The Ball of Grief
Everyone grieves. We experience loss in many forms and we each grieve differently for the loss. No value is attached to the severity of it; there is no code of conduct to follow; nor is there is a schedule to adhere to. Grieving is personal.
Here’s my view of the process …
One thing is certain … death is capital F-Final. I also know that grief has now both permanently and securely affixed itself to me. I know it will never leave. It will change, but it will forever be a part of me.
Since I entered the realm of grieving for the loss of my husband I have thought about the process daily. One image has continually presented itself in my pictorially-wired brain. My grief is a ball. A big bouncy yellow ball. And I know it is now attached to me. Everyone can see it. I cannot. But I feel it.
Mostly I trudge along according to my new directive “Sempre Avanti” (always forward). As I move I don’t realize I’m more stooped than I’ve ever been. The weight is heavy and I feel it and can only hope it doesn’t wear me down. But I do get used to it. Sometimes I forget about it and wonder why I feel the way I do. Others sense it though. They see it in my eyes, hear it in my tone and feel it with the hugs that last just a little bit longer. They see the yellow ball I drag behind me. I know they wish they can help me with it.
Sometimes when I think about my loss I’m angry. It shows in my venting, uttering my favourite string of curse-atives or in the private yet audible altercations with Joe himself (I always have the last word and it can be satisfying). Although it temporarily feels good to let it out, I’m really just fooling myself. When I try to kick the hell out of that ball, it’s so firmly attached to me that the force of its return is even stronger.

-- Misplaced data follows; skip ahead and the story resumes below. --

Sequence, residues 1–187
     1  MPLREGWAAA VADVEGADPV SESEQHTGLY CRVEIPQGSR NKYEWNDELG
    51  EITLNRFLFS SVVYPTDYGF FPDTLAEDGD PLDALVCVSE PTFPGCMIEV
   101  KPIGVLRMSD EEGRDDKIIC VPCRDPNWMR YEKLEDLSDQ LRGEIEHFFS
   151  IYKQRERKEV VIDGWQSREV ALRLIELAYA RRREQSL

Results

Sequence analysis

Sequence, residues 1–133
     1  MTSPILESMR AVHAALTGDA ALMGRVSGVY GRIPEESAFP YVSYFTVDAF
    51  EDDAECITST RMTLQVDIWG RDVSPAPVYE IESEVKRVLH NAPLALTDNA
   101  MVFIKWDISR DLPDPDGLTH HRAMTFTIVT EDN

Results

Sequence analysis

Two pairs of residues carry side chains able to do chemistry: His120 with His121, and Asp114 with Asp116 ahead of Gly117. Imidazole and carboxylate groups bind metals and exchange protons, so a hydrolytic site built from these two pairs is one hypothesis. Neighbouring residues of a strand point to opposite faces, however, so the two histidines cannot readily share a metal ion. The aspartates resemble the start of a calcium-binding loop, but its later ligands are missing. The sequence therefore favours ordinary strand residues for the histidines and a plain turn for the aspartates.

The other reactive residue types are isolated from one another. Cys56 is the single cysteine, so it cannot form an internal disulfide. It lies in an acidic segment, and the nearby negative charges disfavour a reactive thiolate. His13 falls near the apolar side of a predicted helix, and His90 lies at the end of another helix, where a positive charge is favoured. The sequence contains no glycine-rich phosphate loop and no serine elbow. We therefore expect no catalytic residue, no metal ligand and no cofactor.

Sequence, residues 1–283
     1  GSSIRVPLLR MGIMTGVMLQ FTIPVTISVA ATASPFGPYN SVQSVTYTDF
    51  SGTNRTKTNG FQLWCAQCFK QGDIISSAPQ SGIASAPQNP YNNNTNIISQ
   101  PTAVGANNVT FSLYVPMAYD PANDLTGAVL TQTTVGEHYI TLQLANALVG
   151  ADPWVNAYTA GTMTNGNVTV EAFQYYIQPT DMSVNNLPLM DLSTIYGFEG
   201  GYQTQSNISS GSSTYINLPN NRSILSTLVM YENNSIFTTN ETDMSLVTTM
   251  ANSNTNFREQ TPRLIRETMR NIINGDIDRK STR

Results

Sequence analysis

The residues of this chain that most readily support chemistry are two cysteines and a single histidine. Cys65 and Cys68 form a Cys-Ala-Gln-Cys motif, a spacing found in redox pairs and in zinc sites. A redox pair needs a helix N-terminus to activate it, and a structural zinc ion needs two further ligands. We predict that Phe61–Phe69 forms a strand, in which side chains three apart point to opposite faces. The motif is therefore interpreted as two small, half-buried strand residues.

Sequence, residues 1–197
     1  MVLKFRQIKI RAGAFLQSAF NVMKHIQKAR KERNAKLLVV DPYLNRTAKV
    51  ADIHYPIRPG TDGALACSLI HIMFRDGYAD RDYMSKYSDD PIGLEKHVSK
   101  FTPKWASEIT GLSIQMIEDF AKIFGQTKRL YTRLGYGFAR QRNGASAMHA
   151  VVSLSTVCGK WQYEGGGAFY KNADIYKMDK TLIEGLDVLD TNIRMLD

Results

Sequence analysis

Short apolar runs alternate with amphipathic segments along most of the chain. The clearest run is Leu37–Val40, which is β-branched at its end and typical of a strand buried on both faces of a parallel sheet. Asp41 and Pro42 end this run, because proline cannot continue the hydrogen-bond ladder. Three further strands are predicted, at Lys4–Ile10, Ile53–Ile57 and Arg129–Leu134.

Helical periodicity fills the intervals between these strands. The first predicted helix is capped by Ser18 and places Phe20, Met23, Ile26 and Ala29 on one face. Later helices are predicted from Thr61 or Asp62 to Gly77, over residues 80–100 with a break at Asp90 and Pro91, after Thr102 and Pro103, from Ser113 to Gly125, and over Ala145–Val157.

And at times there’s sadness and sadness is too heavy to drag and too massive to kick. Then I pick it up and carry it. But when I do, it’s so enormous, it’s all I see. It obscures my vision and narrows my perspective. I’m inundated with thoughts of sorrow (for myself and my family) and I woefully wonder “why me?” I feel the void in every way. Thankfully when I dwell too long in this position, my little voice whispers with love “Honey, please put the ball down. This is not helping you.” And when I do, I do see more clearly.
Fortunately I have always listened to that loving voice and because of it, I have been encouraged to to find comfort with that ball. So I’m doing my best to learn how to manage it and lessen the times I lose my balance and fall off. It provides a cushion for the difficult waves that appear out of nowhere. It offers a new sense of comfort and I’m confident it will keep me buoyant as I move forward in the grieving process.
It is now a part of me and as I continue to embrace life, I too will embrace the yellow ball of grief.